Franklin Lam Fan-keung

Franklin Lam faces quit calls as ICAC probes flat sales

Graft-buster contacts property agency involved in sale of two flats as investigation into Exco member's alleged 'insider' transactions begins

PUBLISHED : Saturday, 03 November, 2012, 12:00am
UPDATED : Saturday, 03 November, 2012, 8:42am

Embattled executive councillor Franklin Lam Fan-keung is believed to have come under investigation by the ICAC as he faces mounting calls to resign from the government's top body of policy advisers.

In the span of a week, the furore over Lam's alleged profiting from the sale of properties on insider news and offer of an "extra commission" to his property agent has escalated.

A lawyer said the crux of the matter was whether Lam had indeed proposed such a commission to the agent, which is a criminal offence under bribery laws.

League of Social Democrats vice-chairman Avery Ng Man-yuen, who lodged a formal complaint to the Independent Commission Against Corruption, gave his witness statement to the graft buster yesterday.

"Investigators said they had already opened a file," he said.

In his complaint, Ng said Lam could have used information obtained as an Executive Council member to gain profits, and that Lam's offer of an extra commission to an agent of Centaline Property Agency, Danny Leung, could be unlawful.

Sherman Lai Ming-kai, chairman of parent company Centaline Holdings, said the ICAC had approached the agency for help in the investigation.

Lam, a property analyst appointed as executive councillor in July, sold two properties at Casa Bella, Mid-Levels, less than six weeks before the government's introduction of buyers' stamp duty on October 26.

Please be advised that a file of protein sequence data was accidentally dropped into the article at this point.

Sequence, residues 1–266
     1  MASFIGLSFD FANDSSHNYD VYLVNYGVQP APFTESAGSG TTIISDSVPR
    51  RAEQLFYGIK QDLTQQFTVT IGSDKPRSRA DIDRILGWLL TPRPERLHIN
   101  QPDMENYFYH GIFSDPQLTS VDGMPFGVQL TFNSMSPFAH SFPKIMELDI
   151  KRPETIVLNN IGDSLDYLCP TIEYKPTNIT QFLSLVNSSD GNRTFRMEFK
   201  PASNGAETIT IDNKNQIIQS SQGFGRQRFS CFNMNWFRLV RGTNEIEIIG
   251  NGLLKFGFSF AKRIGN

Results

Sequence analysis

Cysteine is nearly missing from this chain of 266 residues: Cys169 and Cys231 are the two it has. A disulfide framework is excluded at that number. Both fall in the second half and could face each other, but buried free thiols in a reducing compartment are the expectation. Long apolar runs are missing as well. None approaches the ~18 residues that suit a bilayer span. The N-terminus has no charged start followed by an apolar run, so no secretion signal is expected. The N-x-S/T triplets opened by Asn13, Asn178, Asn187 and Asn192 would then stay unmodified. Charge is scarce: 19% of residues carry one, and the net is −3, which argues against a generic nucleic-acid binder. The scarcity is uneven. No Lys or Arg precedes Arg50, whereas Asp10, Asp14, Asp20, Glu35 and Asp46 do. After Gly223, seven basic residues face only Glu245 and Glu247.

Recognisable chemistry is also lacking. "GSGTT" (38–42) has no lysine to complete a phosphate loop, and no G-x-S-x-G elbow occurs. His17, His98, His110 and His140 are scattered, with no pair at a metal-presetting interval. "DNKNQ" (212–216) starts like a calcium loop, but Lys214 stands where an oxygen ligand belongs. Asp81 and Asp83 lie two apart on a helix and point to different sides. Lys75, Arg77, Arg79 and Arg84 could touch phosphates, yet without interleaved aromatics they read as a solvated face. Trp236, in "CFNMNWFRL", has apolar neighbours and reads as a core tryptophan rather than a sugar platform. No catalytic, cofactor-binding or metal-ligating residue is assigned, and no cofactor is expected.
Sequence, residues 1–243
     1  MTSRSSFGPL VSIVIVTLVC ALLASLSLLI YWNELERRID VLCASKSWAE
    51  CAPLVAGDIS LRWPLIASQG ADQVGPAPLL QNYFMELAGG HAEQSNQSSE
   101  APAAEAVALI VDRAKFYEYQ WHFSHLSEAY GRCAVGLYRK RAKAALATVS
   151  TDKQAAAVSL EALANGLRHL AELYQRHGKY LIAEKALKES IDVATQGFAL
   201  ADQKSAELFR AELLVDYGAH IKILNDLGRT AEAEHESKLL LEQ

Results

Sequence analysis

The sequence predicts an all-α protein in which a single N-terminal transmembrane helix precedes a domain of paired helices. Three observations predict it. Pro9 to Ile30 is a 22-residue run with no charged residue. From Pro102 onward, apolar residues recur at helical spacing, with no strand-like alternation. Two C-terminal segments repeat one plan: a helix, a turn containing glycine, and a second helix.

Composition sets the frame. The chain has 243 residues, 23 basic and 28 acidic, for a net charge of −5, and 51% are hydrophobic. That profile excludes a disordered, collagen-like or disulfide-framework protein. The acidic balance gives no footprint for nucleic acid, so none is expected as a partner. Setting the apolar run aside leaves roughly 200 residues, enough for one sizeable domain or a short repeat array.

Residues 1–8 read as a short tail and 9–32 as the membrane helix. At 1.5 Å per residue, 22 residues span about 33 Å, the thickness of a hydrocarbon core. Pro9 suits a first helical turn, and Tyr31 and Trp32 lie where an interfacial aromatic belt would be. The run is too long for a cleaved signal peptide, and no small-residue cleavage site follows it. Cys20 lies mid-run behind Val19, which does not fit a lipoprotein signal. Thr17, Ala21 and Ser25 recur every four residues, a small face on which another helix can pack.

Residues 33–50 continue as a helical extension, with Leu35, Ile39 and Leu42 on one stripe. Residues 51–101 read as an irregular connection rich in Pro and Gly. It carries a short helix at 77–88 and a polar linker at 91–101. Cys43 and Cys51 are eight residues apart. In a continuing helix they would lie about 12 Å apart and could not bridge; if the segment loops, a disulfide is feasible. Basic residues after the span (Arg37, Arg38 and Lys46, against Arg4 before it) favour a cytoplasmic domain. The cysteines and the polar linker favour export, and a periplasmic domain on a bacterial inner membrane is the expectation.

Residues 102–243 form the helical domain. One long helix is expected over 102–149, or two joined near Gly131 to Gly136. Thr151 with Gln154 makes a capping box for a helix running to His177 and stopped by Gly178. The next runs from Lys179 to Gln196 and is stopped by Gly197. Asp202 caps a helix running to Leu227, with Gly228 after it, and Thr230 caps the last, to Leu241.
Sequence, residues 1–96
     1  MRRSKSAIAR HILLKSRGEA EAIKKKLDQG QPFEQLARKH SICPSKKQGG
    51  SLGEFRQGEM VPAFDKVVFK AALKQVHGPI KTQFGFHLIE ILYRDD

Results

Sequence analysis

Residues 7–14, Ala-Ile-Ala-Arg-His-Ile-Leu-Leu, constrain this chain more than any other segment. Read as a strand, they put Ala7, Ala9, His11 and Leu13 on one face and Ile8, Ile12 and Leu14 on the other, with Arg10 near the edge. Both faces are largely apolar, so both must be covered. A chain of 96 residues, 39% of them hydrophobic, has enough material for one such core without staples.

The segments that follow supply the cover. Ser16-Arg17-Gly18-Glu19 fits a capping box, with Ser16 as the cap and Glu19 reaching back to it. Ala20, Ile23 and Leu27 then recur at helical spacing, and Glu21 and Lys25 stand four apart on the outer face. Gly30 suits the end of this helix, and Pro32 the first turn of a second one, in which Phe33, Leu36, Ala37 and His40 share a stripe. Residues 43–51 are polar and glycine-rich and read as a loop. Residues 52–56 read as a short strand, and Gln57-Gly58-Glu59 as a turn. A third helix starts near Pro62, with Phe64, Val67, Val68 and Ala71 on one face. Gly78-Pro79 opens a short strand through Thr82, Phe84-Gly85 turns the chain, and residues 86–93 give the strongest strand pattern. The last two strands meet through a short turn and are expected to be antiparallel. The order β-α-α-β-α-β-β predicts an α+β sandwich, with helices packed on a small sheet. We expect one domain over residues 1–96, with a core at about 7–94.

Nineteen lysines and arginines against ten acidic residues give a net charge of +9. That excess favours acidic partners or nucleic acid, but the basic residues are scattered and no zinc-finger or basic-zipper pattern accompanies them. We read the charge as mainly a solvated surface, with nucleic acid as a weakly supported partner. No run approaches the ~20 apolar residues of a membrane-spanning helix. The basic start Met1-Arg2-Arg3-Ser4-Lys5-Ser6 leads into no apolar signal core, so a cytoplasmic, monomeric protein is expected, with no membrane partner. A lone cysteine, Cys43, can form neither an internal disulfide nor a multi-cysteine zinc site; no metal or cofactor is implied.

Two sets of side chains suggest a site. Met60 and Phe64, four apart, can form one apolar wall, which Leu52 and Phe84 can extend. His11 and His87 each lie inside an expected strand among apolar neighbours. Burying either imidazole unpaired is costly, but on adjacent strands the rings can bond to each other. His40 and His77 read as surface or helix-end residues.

The timing of the flat sales gives the impression that he had tried to reap bigger profits before an expected drop in property prices, even as officials and fellow executive councillors dismissed the possibility that Lam had known of the new measures.

Lam has denied having insider knowledge of the property curbs.

He also said the "excess proceeds" from the sale of one of the flats - the difference between his asking price of HK$9.88 million and the transacted price of HK$9.95 million - was to go to the agent. He later said the money would be donated to a Centaline charity fund.

Barrister Stephen Char Shik-ngor, who worked for the ICAC for 28 years, said Lam might have breached section 9 of the Prevention of Bribery Ordinance.

The law states that anyone who offers an advantage to an agent as an inducement or reward faces jail of up to seven years and a HK$500,000 fine.

"Whether the agent had received the money or not is not the issue," he said. "The point is whether Lam made the offer."

An ICAC spokesman said it would not comment on individual cases.

Meanwhile, pan-democratic lawmakers Ronny Tong Ka-wah and James To Kun-sun called for Lam to resign from Exco.

"He should step down once ICAC has opened a file, for he could have committed a criminal offence. His credibility is in crisis," Tong, a barrister, said.

Exco member Bernard Chan urged Lam to further clarify the transaction process involving the flats, although he stressed he and other members were informed of the new property rules only a few hours before the announcement.

"He's seen to be hiding something," Chan said. "He needs to clarify further as the legitimacy of the transaction process is in doubt."